Android requires that you do all network processing on non-UI threads. This is good business as it means unexpected exceptions aren't going to crash your app. It can be a little problematic when you need to be notified of the different outcomes of your various network activity. You need to notify an activity, it needs to notify one of it's components.

The Callback Approach

This is essentially like handing a reference to the caller of the process. The process then calls an appropriate method on the caller, depending on the outcome.

The Guava EventBus Approach

This approach decouples the caller from the process. The caller can register for different events on the event bus after which, any process can put that event on the event bus. The registered processes with get notified.

You have to define those events but they can be empty or you can wrap anything you need in them.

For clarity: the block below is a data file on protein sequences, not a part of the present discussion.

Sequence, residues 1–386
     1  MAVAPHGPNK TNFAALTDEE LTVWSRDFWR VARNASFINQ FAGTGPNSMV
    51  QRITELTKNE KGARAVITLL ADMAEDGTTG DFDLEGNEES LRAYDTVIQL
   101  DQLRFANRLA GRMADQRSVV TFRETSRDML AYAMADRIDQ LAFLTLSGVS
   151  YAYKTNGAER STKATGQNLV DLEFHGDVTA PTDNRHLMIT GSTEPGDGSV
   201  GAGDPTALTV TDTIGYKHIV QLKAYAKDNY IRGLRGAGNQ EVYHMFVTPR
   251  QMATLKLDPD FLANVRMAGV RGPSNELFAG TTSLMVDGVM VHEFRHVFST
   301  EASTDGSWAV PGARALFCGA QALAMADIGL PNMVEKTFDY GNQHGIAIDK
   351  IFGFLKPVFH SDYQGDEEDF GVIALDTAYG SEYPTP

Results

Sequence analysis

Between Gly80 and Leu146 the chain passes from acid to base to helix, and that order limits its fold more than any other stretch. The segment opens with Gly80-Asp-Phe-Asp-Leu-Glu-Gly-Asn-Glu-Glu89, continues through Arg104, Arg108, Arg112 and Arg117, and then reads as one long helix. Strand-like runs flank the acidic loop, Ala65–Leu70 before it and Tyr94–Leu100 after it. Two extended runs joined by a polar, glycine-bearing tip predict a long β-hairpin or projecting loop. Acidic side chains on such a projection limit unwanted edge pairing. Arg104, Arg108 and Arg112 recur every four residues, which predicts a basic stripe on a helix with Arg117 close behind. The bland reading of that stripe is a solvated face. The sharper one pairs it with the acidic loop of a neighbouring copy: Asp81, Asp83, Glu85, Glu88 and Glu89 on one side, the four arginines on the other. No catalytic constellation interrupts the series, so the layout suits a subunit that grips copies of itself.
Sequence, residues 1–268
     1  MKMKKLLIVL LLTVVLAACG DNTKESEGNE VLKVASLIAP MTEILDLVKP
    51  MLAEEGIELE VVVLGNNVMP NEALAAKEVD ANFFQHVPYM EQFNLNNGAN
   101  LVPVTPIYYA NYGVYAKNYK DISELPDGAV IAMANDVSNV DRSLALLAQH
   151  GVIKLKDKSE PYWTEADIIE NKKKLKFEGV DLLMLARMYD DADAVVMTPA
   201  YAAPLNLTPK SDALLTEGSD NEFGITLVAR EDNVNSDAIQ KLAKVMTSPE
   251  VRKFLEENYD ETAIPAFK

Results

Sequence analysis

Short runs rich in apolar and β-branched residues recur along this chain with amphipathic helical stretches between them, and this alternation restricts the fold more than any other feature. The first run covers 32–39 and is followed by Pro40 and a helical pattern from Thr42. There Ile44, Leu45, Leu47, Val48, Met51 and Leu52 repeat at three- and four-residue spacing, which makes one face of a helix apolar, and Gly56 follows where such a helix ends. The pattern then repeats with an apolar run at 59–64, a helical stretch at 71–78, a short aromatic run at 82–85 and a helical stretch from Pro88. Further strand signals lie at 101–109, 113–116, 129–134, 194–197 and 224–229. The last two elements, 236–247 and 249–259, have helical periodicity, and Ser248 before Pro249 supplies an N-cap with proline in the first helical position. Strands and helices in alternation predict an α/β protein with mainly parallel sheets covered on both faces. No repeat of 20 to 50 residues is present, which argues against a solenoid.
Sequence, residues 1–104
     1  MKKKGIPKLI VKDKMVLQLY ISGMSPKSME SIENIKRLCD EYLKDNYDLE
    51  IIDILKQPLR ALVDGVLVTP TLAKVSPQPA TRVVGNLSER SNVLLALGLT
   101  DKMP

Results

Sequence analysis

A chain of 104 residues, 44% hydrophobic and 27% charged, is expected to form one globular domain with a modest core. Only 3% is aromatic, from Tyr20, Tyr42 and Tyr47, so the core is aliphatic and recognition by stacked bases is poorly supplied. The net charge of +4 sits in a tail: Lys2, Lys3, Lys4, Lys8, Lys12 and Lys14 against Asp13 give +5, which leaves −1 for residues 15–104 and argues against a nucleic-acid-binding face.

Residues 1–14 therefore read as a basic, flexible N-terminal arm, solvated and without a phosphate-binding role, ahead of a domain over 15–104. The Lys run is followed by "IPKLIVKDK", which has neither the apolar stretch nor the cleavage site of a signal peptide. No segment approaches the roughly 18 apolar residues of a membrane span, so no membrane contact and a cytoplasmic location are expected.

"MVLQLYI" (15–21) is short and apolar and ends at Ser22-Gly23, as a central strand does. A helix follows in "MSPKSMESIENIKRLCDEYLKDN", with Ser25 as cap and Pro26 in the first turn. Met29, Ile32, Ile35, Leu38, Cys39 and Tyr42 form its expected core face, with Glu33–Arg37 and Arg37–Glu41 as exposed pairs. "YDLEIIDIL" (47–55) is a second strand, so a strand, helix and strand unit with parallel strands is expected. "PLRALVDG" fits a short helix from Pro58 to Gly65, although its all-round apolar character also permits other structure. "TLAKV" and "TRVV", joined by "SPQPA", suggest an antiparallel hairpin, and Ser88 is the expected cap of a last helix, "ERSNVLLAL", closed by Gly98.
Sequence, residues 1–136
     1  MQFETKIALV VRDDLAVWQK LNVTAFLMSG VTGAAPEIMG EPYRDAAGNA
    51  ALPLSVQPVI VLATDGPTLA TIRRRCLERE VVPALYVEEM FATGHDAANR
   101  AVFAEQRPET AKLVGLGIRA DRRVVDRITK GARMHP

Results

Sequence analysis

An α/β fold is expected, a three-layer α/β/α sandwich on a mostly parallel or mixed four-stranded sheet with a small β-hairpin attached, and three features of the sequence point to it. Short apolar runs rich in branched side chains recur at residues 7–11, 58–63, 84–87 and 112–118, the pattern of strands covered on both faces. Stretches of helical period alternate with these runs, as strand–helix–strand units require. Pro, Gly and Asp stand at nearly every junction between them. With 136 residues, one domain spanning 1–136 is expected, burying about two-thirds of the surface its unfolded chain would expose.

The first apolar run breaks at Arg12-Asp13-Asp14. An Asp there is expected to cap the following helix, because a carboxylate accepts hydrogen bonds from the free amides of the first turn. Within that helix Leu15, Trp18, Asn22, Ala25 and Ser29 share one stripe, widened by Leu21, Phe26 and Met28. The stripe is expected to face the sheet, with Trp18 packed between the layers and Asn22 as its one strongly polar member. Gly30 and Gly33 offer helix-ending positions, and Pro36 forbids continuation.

Then all you have to do is subscribe for the event from the activity. It doesn't matter what you call the method... what matters is the parameter must match an event that will be put on the message bus.

Why is the event bus better? 

Well it decouples the method responding to the outcome of the network activity or whatever from the task doing this. You don't have to pass a reference of the thing doing the responding to the task. Another benefit here is that anything can register to respond to this event. Be it the activity, or one of it's fragments, it's action bar, or whatever. Nice!

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